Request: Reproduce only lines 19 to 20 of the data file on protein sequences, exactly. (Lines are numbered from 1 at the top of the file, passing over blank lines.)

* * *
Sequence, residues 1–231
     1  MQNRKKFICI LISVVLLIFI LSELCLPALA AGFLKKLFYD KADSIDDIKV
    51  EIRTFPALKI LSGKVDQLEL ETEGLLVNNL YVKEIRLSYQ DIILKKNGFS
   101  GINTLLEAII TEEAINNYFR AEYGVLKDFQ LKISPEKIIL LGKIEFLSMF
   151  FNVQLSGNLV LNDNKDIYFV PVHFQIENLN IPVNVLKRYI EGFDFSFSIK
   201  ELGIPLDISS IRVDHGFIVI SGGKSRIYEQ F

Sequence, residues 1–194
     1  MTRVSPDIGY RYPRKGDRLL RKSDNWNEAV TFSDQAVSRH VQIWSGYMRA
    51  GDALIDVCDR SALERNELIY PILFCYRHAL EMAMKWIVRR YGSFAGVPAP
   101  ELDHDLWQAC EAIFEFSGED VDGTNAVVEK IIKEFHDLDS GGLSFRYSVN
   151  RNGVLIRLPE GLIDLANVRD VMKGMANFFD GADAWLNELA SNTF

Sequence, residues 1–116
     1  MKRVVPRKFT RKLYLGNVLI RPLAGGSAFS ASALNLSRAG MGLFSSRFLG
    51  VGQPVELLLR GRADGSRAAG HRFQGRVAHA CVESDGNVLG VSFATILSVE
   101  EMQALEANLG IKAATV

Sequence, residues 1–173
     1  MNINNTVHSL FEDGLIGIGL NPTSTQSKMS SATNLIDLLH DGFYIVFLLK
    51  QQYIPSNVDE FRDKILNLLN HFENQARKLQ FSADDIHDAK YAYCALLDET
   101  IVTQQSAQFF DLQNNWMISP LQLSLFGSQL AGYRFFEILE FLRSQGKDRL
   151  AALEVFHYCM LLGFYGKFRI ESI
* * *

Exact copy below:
   101  IVTQQSAQFF DLQNNWMISP LQLSLFGSQL AGYRFFEILE FLRSQGKDRL
   151  AALEVFHYCM LLGFYGKFRI ESI